Monday, December 26, 2011

Sophie's Secret by Tara West

Title: Sophie’s Secret
Series: Whispers
Author: Tara West
Length: 2700 Kindle Units
Rating: 2 stars

The Plot

Sophie is starting her freshman year as a new person. She spent a year at a private school, where she lost a lot of weight, and she’s ready for all her old classmates to see her in a new light. Her life is slightly complicated by the fact that she can read minds, but she also has the support of her best friends, AJ and Krysta, who also have psychic powers.

Unfortunately, Sophie’s year isn’t going quite as smoothly as she would like. The school bully won’t stop picking on her, and she has to take photography lessons from the class slut. Her pregnant older sister and her deadbeat boyfriend have moved back home and stolen her room. Her crush Jacob is turning out not to be as nice as she thought. And on top of it all, her powers seem to be growing…

The Good

The most interesting thing about Sophie’s Secret was Sophie’s ability to read minds, although the gift ends up being tangential to the plot. The set-up creates a kind of irony in which Sophie has the ability to know things about people that others have no way to know, but at the same time she remains unaware of things that should be obvious to her. Despite her gift, she is unable to determine that Jacob is a jerk, Frankie really likes her, and her math teacher is horribly depressed.

I also have to give credit overall that there were very few grammatical and punctuation errors in the book. What problems there were with the book were not related to the technical errors that I see all too frequently.

The Bad

A quick google search about YA books will give a plethora of articles on how the genre has been changing in the last decade or so. The genre has been going more exciting, with teenagers taking on epic responsibilities in their search for identity. The last three books I reviewed, for example, featured a girl expected to broker peace between two warring factions, a girl with powers over time like no one has seen before, and a girl who has been gifted by the gods to save humanity from vampires. And we as readers look forward to watching these girls triumph over incredible odds. Well, so long as they end up with the right boys at the end.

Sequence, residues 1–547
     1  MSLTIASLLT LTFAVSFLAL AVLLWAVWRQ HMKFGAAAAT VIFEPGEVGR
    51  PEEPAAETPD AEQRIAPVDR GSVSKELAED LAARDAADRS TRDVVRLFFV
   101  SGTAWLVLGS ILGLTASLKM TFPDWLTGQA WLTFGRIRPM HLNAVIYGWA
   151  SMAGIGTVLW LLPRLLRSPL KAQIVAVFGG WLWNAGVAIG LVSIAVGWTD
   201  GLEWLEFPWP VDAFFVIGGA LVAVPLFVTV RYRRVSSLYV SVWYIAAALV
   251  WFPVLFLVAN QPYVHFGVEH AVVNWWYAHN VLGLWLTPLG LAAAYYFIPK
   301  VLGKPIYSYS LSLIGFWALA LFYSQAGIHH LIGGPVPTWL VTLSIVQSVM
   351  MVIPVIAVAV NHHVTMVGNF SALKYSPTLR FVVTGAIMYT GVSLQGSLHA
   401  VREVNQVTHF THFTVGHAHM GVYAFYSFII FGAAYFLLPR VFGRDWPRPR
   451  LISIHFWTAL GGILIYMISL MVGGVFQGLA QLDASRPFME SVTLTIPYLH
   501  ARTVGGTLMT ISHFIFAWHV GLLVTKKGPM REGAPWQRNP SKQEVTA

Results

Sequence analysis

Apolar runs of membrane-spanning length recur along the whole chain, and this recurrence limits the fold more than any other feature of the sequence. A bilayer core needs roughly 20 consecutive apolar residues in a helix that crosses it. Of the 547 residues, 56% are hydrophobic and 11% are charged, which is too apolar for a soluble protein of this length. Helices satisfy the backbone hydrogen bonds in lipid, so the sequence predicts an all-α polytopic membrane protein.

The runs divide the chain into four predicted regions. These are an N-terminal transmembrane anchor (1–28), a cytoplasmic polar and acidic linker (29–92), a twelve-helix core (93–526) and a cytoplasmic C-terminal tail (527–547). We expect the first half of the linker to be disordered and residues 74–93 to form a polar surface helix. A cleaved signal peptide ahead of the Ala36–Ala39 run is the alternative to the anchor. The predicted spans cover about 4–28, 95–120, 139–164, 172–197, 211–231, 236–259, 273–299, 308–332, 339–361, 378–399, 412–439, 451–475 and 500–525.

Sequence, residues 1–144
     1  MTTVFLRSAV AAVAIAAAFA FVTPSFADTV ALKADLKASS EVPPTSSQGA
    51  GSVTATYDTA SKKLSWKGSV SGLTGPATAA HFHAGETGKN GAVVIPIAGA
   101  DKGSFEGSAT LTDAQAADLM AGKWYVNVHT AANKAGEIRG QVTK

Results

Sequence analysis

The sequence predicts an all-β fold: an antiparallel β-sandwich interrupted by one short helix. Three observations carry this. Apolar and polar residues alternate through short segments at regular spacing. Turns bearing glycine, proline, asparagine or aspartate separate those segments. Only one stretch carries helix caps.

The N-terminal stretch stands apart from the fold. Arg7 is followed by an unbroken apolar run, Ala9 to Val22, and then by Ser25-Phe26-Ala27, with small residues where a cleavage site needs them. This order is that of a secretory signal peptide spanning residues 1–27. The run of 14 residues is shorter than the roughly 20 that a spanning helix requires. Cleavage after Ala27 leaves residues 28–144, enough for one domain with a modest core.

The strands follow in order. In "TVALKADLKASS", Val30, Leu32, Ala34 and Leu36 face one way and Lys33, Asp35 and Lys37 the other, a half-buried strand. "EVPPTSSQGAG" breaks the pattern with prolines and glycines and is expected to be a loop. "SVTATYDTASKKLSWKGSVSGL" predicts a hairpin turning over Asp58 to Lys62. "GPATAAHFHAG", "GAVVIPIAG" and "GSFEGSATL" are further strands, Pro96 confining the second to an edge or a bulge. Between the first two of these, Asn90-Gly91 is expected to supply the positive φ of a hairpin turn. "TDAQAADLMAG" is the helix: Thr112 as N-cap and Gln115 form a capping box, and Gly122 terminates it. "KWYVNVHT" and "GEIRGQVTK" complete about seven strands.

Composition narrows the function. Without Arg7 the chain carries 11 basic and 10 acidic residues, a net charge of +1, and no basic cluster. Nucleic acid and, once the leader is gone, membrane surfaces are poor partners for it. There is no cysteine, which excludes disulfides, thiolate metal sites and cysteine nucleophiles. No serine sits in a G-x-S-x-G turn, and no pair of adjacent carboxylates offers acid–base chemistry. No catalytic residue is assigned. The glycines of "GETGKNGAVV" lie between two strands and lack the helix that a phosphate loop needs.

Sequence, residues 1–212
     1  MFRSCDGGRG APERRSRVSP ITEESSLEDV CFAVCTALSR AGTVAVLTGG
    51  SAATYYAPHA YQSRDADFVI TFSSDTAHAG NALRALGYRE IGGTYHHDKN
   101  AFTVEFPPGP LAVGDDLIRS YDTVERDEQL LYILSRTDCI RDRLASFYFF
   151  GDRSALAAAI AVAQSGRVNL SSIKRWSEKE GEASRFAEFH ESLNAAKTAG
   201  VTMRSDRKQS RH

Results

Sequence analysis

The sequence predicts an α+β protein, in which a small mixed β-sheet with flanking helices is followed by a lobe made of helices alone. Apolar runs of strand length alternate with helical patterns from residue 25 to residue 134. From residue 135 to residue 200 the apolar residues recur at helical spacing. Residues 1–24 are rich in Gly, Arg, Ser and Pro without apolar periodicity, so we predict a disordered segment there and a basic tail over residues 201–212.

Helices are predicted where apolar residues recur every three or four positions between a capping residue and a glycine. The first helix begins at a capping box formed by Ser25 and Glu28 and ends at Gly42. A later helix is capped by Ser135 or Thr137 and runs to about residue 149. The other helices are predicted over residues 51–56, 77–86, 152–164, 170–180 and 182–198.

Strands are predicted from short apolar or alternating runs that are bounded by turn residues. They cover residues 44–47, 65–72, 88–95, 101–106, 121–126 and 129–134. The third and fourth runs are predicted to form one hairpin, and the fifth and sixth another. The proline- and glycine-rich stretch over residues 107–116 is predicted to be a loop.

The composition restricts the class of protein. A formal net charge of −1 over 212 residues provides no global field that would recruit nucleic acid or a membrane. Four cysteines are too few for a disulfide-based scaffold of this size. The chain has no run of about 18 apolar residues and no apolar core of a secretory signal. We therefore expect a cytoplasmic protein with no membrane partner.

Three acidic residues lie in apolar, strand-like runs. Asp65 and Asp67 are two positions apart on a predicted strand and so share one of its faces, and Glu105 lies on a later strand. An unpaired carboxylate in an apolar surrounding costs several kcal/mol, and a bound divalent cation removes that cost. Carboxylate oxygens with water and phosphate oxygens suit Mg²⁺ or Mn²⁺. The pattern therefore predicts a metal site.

Sophie’s Secret feels more as if it belongs to the old school of YA novels, where the characters face the ordinary problems that plague every teen searching for identity – family problems, difficult schoolwork, bullies. Twenty years ago this may have worked as a story, but current readers expect greater danger and higher stakes.

The Romance

Sophie’s romantic dilemmas felt more as if they belonged in a middle grade novel, rather than a young adult novel. Instead of dealing with more confusing sexual dynamics, she was just hoping that a boy would take her to the dance and give her a first kiss. This is partially explained by the fact that Sophie is 14 years old, whereas the modal age of YA heroines is 16 or 17.

The primary romantic conflict stems from Sophie’s crush on Jacob, which appears to be based on his looks alone, as it becomes increasingly apparent that she does not know anything about his personality. Nonetheless, she seems to have decided that her crush imbues him with a winning personality that he magically maintains in spite of all evidence to the contrary. As Jacob repeatedly asks her to cheat for him and spreads rumors about other students, a logical person would say, “Oh, I guess that he’s cute but a jerk. Crush abated. Problem solved.” But for Sophie this becomes a major internal conflict, one that I can’t find myself being all that sympathetic to.

Will I read more?

The next books in the series appear to be about Sophie’s friends AJ and Krysta, each of whom have a supernatural power, seeing the future and speaking to the dead, respectively. There were a few places in the Sophie’s Secret where we got information about her friends’ powers, the most notable of which was when we discovered that their powers are all increasing. If I were to find out that this was happening because there were a world-eating monster on its way to destroy the earth, and only the powers of Sophie and her friends can save us all, then I might be motivated to pick up the next in the series. But if the books continue to be about ordinary high school problems with some incidental psychic powers stuck in, I’ll probably skip them.


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